When a new word pops into the language, or an old one acquires a new sense, there is a probationary period during which it either lodges itself in the language or fades away. As with electronic gadgets, the early adopters latch onto these words eagerly, the Luddites fiercely resist them, and the rest of us stand uncertainly in the middle.
I’m reminded of the process by a comment a friend posted on Facebook:
When did "parent" and "vision" become verbs? Ugh I also hated "to grow a company" but I lost that one, I think.
Another friend pointed out that parent as a verb dates back to the mid-seventeenth century.
This sort of back-and-forth can seesaw forever. Remember back in the Seventies and Eighties when Edwin Newman and that crowd carried on about hopefully as a sentence adverb (meaning “it is hoped that” rather than the traditional “in a hopeful manner”). They thought it a vulgar new usage, though Cotton Mather used the word in just that sense in 1702. (Thank you, Oxford.) Some claimed that an adverb of emotion could not be used as a sentence adverb. Sadly, they were mistaken.
What is going on here has little or nothing to do with etymology, grammar, or historical usage, but everything to do with what we think of the people using the words.
When he was editor of The Sun, John Carroll, whose tastes in language are conservative, disparaged parenting but reluctantly gave into it for lack of a simple equivalent. Child rearing didn’t seem adequate to the purpose. The purpose was to indicate an attitude toward bringing up children that involved father and mother equally, emphasized nurturing over smacking the little creatures, and generally reflected Yuppie culture. Probably still does.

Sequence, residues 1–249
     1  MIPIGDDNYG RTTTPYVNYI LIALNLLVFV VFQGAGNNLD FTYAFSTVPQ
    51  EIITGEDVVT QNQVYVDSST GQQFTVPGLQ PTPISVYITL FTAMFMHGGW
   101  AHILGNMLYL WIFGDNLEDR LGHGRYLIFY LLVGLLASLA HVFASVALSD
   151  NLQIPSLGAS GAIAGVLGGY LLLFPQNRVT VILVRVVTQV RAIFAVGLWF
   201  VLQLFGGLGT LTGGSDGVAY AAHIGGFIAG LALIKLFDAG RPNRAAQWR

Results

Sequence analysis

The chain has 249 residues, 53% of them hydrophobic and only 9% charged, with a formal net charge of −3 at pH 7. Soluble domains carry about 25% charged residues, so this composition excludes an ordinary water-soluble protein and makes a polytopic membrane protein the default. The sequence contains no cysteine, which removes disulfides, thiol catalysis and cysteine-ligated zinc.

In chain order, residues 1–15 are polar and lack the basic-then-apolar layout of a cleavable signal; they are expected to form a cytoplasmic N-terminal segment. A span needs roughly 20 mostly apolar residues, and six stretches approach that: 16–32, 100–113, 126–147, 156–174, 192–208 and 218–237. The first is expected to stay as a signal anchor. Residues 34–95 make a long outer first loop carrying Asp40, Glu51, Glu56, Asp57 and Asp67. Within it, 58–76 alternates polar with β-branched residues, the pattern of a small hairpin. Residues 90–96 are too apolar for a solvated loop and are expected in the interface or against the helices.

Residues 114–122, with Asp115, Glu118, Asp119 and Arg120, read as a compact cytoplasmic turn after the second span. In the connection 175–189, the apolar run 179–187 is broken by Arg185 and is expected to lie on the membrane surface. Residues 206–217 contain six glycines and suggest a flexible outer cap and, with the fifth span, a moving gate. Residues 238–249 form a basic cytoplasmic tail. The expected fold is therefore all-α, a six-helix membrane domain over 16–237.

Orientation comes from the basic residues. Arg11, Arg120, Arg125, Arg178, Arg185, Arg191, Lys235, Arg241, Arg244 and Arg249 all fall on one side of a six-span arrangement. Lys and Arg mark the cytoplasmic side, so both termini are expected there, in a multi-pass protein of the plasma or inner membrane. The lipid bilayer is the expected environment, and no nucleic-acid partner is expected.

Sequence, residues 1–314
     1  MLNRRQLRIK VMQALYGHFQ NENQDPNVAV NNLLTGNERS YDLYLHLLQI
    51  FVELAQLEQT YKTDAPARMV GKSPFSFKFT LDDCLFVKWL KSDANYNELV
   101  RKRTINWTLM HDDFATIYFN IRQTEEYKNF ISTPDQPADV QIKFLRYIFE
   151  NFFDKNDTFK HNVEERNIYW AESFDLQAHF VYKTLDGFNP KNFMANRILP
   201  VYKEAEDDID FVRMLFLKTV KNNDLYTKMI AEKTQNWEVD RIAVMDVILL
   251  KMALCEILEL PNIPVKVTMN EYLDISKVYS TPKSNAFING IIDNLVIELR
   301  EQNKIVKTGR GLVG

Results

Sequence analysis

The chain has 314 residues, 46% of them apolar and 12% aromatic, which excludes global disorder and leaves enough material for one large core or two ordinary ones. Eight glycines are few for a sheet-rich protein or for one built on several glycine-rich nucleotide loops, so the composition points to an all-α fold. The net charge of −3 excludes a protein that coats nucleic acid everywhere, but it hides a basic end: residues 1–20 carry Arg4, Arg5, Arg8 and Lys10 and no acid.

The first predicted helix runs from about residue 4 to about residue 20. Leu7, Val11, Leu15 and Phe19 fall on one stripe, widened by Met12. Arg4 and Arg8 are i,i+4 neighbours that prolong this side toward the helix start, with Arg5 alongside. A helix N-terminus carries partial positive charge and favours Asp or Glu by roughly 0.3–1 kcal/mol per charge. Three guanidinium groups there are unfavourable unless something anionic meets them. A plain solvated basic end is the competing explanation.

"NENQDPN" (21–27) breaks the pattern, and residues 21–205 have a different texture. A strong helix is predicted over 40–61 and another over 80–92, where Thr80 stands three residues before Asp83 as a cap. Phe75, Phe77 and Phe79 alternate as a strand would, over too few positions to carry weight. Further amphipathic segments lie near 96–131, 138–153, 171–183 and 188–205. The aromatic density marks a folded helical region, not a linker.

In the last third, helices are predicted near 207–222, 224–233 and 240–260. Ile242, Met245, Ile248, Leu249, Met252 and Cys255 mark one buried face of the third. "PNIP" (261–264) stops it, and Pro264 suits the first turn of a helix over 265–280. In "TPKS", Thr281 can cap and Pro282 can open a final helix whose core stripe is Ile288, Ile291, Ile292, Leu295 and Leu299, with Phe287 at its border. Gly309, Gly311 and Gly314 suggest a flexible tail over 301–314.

As publisher of The Sun, Mike Waller roared every time someone submitted a memo to him about growing the business, a cant phrase of the Nineties. I have to say that my own distaste for the phrase, after sitting in meetings listening to people tell how they were going to grow the business over ten years of a steady decline in the newspaper industry, remains intense.
Hopefully, after a long period of inoffensive uses, got to be a vogue term in the Sixties and Seventies, probably in advertising and business circles, and the starchy types reacted more to the people using the word than the word itself. Previously, scorn was directed at the same classes over their indulgence in contact as a verb. The latter scorn has faded away as the usage has become commonplace. We have lots of ways now to get in contact with one another, and a single broad-sense word is useful.
We know the people who embrace linguistic novelty, just as we are quietly amused at the people who experience tachycardia or Cheyne-Stokes breathing every time Apple introduces a new product. But if we are serious about words, we will hesitate about rendering judgments until we’ve had a look at how new ones fit historically and how much our own social and class prejudices may be coloring our reactions.